The clinical profile of employees with mental health problems working in Social Firms in the UK

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The latest academic paper from our collaboration with the University of Warwick has been published in the Journal of Mental Health.

The research was carried out as the academics suggested that  UK social firms are under-researched but are a potentially important vocational option for people with mental health problems.

The aims were to describe the clinical profile, satisfaction levels and experiences of social firms
employees with mental health problems.

 

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Description

The latest academic paper from our collaboration with the University of Warwick has been published in the Journal of Mental Health.

The research was carried out as the academics suggested that  UK social firms are under-researched but are a potentially important vocational option for people with mental health problems.

The aims were to describe the clinical profile, satisfaction levels and experiences of social firms
employees with mental health problems.

Clinical, work and service use characteristics were collected from social firms’ employees with mental health problems in England and Wales. Workplace experience and satisfaction were explored qualitatively.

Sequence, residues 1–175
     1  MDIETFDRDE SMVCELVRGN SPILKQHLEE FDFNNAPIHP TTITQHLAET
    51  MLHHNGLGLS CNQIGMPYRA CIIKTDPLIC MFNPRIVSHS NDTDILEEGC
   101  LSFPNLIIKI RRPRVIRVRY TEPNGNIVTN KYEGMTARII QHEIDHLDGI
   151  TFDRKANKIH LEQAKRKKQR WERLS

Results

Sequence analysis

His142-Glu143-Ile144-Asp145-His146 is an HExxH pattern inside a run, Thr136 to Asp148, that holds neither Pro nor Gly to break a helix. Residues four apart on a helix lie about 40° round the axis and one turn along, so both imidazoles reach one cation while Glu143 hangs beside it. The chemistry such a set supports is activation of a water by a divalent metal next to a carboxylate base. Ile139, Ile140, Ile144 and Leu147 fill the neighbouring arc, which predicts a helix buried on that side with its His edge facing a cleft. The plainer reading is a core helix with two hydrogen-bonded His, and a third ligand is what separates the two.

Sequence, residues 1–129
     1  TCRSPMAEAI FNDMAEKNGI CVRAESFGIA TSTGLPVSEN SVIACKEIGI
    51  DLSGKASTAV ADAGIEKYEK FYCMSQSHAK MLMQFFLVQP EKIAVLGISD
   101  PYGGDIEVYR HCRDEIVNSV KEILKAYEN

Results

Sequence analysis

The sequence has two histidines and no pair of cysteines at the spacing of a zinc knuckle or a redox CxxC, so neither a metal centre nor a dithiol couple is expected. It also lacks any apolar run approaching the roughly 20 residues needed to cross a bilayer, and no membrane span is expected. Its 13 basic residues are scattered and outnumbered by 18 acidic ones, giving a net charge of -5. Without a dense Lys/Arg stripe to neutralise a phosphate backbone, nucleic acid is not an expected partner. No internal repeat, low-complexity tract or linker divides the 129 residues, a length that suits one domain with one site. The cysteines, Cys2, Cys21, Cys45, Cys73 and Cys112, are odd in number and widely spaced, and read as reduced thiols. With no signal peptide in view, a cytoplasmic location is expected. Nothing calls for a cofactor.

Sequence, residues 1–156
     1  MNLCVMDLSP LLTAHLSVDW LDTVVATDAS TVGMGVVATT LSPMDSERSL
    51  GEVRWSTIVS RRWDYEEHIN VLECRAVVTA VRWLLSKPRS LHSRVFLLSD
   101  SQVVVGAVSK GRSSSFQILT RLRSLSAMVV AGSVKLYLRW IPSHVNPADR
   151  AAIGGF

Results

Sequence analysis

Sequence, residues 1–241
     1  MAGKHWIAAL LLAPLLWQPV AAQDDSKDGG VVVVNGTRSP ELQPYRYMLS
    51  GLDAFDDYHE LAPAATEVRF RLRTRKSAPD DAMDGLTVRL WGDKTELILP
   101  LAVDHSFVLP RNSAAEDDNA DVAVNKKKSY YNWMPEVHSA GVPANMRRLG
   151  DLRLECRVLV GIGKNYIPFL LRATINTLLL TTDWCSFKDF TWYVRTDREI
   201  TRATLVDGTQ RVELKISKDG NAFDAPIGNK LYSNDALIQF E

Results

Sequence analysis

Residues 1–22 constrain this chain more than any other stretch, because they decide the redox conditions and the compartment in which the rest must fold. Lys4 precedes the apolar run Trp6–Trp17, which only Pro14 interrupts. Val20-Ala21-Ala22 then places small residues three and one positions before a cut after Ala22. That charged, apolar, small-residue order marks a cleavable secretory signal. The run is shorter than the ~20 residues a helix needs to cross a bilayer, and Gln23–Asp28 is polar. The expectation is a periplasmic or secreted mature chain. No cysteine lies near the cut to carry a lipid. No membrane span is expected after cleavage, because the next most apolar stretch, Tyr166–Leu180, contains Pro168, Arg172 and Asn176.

The research found that predominantly, social firms’ employees report that they have a diagnosis of depression and anxiety. People with schizophrenia or bipolar disorder were a minority.

Respondents had low symptom and disability levels, high quality of life and job satisfaction and experienced reductions in secondary mental health service use over time.
High-workplace satisfaction was related to flexibility, manager and colleague support and workplace accommodations.

The research concluded that the clinical profile, quality of life and job satisfaction level of employees with mental health problems suggest social firms could be a useful addition to UK vocational services for some people. Current employees mainly have common mental disorders, but social firms will need to shift their focus if they are to form a substantial pathway for the vocational recovery of a wider range of people currently using community mental health teams.

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